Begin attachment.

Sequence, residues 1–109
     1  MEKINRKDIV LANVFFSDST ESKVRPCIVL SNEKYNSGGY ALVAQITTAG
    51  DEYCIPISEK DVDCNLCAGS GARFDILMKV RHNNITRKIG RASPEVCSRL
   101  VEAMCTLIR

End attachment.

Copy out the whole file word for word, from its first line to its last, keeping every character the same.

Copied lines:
Sequence, residues 1–109
     1  MEKINRKDIV LANVFFSDST ESKVRPCIVL SNEKYNSGGY ALVAQITTAG
    51  DEYCIPISEK DVDCNLCAGS GARFDILMKV RHNNITRKIG RASPEVCSRL
   101  VEAMCTLIR